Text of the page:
Color Pop at Poketo in LA by

Issue 67 · Bring on the Spring · April 11, 2013

Color Pop at Poketo in LA

Issue 67 · Bring on the Spring · April 11, 2013

When LA dwellers Angie Myung and Ted Vadakan found their business space overrun with boxes, they knew it was time to move. The couple had begun an online business working with artists and designers to create everyday products (they even did a small line for Target), and success was cramping their style.

Angie and Ted opened their office in the Arts District in 2007, when it was still a newly discovered district of downtown LA. They found a large, raw space where they moved their offices and opened up a brick and mortar shop with a colorful store front. Since it opened last summer, Poketo has become a mainstay of the neighborhood and the local go-to gift store. For more, visit Poketo

Photography by Laure Joliet for Remodelista.

Angie Myung and Ted Vadakanin at Poketo store: Remodelista

Above: Poketo owners Angie Myung and Ted Vadakanin in their store-cum-gallery.

Above: The colorful letters in the window were made out of cardboard boxes by an intern several years ago for Comic Con. Unearthed during the move, they were hung as a temporary fix and have stayed ever since. Incidentally, the name Poketo (pronounced Poh-KEH-toe) came from Angie’s Korean grandmother’s mispronunciation of “pocket.”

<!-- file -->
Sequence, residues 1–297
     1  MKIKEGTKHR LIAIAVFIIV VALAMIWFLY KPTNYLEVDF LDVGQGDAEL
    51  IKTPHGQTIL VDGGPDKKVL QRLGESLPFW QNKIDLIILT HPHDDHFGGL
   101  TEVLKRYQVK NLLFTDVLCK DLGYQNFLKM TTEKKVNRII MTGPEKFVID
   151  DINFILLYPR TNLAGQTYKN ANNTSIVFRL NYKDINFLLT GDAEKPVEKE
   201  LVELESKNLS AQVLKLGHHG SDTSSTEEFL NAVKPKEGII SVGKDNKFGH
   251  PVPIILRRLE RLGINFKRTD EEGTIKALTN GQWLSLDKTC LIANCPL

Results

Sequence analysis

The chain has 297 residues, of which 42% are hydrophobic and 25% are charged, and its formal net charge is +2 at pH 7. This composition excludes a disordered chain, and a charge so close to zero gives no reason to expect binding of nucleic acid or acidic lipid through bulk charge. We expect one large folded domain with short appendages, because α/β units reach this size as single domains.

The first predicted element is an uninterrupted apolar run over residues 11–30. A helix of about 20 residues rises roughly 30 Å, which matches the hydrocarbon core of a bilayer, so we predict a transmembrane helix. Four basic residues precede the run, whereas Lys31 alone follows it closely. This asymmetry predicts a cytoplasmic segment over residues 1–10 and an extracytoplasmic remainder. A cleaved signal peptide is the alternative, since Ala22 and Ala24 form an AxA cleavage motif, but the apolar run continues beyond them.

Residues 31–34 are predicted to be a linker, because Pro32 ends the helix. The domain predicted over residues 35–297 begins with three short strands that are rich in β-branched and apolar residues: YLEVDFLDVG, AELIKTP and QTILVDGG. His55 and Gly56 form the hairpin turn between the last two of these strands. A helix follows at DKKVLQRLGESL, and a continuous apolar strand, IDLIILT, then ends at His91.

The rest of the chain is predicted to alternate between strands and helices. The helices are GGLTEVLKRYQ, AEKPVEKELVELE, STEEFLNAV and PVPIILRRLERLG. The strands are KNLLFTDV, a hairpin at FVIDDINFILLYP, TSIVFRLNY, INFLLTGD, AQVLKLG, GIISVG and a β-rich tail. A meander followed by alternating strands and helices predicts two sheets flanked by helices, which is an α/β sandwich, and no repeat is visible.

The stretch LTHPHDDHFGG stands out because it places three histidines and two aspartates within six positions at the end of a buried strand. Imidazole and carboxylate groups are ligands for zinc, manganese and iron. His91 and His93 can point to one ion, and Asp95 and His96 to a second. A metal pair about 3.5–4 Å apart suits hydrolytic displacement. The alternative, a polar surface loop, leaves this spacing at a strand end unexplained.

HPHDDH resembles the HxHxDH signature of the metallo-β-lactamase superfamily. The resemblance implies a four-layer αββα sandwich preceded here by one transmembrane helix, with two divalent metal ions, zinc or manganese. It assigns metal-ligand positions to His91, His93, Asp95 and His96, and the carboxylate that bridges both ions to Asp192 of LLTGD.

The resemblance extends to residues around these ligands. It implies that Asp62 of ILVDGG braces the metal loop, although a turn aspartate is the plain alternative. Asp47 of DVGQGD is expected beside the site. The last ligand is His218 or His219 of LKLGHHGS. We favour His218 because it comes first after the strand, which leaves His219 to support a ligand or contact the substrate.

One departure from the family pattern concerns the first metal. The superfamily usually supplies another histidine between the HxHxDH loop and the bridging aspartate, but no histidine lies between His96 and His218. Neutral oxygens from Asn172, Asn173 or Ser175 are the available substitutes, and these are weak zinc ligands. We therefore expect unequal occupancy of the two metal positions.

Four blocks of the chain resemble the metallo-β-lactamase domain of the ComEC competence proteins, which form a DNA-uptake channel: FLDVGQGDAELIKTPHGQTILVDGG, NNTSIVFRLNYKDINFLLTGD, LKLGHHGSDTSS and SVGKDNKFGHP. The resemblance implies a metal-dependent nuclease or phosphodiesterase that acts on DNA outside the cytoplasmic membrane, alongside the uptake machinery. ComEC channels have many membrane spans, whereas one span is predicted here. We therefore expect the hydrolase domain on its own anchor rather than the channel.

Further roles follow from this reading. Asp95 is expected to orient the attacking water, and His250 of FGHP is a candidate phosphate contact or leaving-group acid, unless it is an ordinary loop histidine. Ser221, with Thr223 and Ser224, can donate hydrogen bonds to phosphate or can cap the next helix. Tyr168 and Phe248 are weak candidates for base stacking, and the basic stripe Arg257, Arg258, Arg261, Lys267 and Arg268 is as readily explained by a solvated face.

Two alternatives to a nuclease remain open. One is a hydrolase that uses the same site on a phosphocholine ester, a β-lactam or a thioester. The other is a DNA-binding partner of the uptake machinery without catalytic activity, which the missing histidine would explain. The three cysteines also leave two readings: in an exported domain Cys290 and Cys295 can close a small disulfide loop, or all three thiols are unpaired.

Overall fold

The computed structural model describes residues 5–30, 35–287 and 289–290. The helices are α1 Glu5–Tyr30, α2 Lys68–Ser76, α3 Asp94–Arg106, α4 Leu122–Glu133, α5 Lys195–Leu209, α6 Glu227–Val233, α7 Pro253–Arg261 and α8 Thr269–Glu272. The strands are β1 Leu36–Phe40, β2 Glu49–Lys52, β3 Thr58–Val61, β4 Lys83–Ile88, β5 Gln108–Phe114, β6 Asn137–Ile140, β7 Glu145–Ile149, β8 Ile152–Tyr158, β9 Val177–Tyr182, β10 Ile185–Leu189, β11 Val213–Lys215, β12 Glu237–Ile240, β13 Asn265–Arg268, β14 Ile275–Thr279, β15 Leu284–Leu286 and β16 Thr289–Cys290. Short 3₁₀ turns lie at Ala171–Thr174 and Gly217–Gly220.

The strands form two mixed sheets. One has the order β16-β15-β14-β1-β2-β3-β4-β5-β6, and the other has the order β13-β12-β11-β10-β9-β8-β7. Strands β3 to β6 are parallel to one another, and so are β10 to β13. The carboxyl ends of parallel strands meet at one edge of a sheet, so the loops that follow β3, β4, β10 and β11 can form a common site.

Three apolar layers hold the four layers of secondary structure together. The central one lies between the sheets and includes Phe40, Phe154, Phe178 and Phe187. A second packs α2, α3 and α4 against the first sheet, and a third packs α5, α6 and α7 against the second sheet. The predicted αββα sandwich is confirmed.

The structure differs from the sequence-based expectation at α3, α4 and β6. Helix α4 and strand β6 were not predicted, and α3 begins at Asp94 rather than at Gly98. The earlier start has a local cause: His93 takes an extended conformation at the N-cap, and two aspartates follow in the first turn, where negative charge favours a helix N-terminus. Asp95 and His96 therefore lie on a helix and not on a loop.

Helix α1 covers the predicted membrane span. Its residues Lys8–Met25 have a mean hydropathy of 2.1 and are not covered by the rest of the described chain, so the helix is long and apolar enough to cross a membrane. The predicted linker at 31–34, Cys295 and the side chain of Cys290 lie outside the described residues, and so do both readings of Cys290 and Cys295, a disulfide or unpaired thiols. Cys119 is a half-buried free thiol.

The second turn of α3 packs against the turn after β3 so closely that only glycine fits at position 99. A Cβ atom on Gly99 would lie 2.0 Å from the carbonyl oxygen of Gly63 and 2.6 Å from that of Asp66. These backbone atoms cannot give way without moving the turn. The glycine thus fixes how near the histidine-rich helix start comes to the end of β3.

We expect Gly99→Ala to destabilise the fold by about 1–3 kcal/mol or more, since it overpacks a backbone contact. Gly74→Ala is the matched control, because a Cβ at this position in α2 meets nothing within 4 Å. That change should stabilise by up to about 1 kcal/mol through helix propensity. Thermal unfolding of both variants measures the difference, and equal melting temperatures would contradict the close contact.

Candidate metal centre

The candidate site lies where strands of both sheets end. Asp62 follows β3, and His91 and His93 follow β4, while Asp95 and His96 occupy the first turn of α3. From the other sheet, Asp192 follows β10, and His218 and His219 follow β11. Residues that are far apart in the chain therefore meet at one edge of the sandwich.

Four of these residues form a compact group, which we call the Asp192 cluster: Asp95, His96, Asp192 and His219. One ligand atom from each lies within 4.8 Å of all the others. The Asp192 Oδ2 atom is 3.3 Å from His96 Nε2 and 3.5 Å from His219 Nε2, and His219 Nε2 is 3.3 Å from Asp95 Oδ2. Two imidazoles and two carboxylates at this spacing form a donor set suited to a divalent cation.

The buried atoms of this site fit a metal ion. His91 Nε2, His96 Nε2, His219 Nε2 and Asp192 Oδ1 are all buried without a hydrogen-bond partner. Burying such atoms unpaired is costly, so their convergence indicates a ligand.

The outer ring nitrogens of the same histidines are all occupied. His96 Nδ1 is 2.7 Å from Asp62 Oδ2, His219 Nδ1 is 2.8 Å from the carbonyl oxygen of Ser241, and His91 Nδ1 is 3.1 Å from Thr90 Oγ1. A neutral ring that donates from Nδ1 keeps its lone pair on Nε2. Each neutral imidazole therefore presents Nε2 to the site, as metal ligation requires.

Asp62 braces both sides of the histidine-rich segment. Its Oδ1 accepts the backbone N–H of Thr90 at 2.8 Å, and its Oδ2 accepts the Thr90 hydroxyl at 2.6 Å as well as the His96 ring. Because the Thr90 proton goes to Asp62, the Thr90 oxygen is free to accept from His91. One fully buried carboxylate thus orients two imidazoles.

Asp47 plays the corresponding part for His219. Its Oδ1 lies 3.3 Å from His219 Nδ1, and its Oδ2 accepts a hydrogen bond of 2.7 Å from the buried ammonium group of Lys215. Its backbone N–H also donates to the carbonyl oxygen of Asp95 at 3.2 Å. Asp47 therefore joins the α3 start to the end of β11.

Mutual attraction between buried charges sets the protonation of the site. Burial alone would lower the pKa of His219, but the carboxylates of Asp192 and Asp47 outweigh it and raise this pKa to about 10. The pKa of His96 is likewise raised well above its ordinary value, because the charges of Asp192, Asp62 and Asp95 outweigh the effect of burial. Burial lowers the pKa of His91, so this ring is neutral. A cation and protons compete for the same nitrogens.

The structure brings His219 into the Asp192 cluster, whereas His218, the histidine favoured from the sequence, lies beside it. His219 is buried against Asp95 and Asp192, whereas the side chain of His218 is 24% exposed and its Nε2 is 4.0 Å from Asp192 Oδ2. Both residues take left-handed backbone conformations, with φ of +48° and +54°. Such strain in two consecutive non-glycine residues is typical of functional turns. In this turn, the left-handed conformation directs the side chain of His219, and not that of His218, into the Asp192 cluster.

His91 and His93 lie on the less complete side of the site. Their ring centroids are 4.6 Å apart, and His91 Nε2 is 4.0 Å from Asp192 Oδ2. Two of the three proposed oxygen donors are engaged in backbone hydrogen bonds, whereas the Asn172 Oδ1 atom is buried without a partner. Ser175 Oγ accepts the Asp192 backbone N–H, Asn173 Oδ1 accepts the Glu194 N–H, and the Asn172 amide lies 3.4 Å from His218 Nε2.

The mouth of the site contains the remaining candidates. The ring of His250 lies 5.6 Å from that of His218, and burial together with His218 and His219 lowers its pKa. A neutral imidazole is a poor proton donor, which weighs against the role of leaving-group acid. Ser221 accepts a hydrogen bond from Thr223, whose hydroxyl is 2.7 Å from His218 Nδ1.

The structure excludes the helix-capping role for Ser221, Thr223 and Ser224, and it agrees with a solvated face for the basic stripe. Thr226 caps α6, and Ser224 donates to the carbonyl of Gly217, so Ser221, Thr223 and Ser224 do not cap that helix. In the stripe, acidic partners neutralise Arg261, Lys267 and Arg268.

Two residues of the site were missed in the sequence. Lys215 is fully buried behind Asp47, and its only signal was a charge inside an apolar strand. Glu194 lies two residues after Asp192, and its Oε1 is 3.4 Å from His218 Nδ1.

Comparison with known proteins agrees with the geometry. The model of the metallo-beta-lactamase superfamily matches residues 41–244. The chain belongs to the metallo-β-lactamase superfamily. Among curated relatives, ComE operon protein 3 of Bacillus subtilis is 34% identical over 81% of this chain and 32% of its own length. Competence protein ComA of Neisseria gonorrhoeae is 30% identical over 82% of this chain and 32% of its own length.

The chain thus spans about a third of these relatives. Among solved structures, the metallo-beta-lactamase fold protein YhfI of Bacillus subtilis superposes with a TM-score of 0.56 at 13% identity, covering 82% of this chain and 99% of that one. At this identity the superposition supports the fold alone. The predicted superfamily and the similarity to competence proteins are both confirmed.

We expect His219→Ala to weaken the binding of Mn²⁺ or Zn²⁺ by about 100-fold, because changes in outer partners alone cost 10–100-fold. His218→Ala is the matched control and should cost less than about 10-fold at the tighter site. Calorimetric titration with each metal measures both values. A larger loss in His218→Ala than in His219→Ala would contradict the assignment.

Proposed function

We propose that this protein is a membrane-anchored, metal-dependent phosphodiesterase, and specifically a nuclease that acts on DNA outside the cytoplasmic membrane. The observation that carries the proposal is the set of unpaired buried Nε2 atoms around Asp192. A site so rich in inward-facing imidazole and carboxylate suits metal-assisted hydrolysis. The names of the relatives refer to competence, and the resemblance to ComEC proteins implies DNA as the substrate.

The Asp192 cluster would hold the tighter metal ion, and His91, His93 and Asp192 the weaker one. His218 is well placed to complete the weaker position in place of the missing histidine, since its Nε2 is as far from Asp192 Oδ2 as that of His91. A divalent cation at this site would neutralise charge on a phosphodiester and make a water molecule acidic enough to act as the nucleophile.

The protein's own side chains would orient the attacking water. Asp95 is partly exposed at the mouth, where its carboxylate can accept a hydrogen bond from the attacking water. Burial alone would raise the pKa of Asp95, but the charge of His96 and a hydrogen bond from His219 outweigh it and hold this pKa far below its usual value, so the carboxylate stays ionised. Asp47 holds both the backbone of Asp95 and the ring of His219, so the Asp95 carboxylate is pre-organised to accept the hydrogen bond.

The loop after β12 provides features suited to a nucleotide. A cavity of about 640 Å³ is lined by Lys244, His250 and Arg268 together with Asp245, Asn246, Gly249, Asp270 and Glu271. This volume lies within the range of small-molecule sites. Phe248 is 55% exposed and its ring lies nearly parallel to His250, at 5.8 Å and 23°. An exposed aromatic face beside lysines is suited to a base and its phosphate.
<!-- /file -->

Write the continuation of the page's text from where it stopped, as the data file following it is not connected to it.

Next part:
Above: The couple installed plywood walls to create a store in the front and an office in the rear of the space. Ribbed plastic sheeting allows for light in the rear area.

Poketo, Los Angeles: Remodelsita

Above: The leather Rod and Weave Chair was made by their friend, furniture designer Eric Trine.

Thomas Im's Tyvek Totes at Poketo: Remodelista

Above: Local designer Thomas Im's Tyvek Totes on the top shelf with African baskets displayed on the floor. The store carries a mix of online goods as well as select pieces that are available only in-store.

Yellow trestle legs at Poketo: Remodelista

Above: The yellow trestle legs were a happy find at Home Depot.

Above: Clothing is mixed in with the home wares and accessories.

Above: The tiered plywood displays are built on wheels so they can be easily moved to accommodate workshops and events. Check out for their upcoming Mustards Workshop.

Above: A corner devoted to children's toys with a dressing room suspended in the corner.

Above: The colorful red fronted entry to Poketo.

A fan of stationery? Check out Present & Correct, a favorite of ours.

Check out our latest finds in LA with our LA CIty Guide.



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